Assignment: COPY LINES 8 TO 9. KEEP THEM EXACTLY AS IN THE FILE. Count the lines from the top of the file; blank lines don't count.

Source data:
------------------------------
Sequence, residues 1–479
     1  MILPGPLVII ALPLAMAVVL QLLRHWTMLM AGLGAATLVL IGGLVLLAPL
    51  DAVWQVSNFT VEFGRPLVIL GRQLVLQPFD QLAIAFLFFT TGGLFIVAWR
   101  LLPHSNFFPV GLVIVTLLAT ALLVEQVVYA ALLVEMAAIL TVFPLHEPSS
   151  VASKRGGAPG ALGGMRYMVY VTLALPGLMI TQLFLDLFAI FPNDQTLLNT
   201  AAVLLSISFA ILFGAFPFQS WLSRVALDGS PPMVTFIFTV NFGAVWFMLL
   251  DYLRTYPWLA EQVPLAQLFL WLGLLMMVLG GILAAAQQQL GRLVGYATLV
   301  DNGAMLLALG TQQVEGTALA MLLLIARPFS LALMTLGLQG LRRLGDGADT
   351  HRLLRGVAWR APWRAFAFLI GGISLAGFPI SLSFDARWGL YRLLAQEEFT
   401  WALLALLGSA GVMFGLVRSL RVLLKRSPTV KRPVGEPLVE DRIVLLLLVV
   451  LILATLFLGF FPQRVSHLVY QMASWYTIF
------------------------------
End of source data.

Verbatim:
   301  DNGAMLLALG TQQVEGTALA MLLLIARPFS LALMTLGLQG LRRLGDGADT
   351  HRLLRGVAWR APWRAFAFLI GGISLAGFPI SLSFDARWGL YRLLAQEEFT